The time has come for legislative action, with binding obligations for companies to trace their supply chains, and to perform due diligence on the respect for workers' rights – in Europe and in the world.
Luc Triangle, General Secretary of industriAll European trade union, welcomed the report, and called for the Commission to swiftly engage in a legislative proposal: "Workers in the garment and footwear industry want their situation to be improved now. Voluntary and non-binding commitments by companies to Corporate Social Responsibility (CSR) have been tried for decades – and they have failed miserably to deliver, as the Rana Plaza disaster tragically illustrated 4 years ago. The time has come for legislative action, with binding obligations for companies to trace their supply chains, and to perform due diligence on the respect for workers' rights – in Europe and in the world".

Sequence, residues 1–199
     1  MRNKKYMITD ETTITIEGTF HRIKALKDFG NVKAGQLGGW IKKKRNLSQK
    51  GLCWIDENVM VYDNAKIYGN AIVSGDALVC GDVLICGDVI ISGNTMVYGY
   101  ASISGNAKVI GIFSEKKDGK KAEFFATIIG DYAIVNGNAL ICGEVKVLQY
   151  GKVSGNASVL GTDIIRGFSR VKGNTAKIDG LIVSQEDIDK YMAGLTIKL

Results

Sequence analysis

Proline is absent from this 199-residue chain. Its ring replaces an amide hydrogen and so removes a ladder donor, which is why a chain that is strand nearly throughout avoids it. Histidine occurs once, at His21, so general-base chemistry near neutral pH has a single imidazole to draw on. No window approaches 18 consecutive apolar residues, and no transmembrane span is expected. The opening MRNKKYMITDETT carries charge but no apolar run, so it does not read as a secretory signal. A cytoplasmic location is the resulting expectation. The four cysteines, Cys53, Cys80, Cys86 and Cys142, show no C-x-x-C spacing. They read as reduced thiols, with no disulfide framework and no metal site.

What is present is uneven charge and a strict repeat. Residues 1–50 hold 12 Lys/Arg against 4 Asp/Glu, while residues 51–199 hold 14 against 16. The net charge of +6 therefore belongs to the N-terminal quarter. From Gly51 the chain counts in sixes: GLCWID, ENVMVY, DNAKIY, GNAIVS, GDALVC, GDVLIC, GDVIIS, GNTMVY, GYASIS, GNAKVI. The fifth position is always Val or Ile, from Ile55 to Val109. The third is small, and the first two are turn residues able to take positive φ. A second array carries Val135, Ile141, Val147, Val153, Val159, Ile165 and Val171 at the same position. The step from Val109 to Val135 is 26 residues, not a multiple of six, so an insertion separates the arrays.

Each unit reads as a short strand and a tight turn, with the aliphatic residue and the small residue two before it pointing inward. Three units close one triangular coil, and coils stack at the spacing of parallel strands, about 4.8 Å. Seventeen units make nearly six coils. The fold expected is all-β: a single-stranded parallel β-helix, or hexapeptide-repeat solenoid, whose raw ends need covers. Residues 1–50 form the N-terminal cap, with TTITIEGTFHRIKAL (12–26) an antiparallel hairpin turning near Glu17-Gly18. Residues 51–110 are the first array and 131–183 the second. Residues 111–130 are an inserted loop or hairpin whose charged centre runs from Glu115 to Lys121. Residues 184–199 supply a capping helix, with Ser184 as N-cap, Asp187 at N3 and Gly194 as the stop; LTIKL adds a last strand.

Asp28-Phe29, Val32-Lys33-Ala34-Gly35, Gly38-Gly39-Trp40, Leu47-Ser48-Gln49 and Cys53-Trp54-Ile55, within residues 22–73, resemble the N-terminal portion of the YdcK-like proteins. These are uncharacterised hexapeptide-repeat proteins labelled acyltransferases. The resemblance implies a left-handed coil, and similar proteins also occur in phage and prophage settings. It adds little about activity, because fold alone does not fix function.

Sylvain Lefebvre, Deputy General Secretary of industriAll European trade union, in charge of the Textile, Clothing, Leather & Footwear (TCLF) sector, made clear that the bad working conditions that are too often to be deplored in the sector cannot be allowed to continue: “In Europe and in developing countries, too many workers suffer unacceptable conditions: poverty wages, long working hours , denial of the right to bargain collectively, sexual harassment. Many companies do their best to ensure responsible supply chains, and we congratulate them for this, but this should be the norm, and not the exception. Only binding rules, applying to all, can do the job”.
IndustriAll European Trade Union lent its voice to the open letter to the European Commission signed by 79 trade unions and civil society organisations, calling for transparency in the garment supply chain. Knowing what company, performed which operations on industrial products, at which location, is the pre-requisite for human rights and labour due diligence to be possible.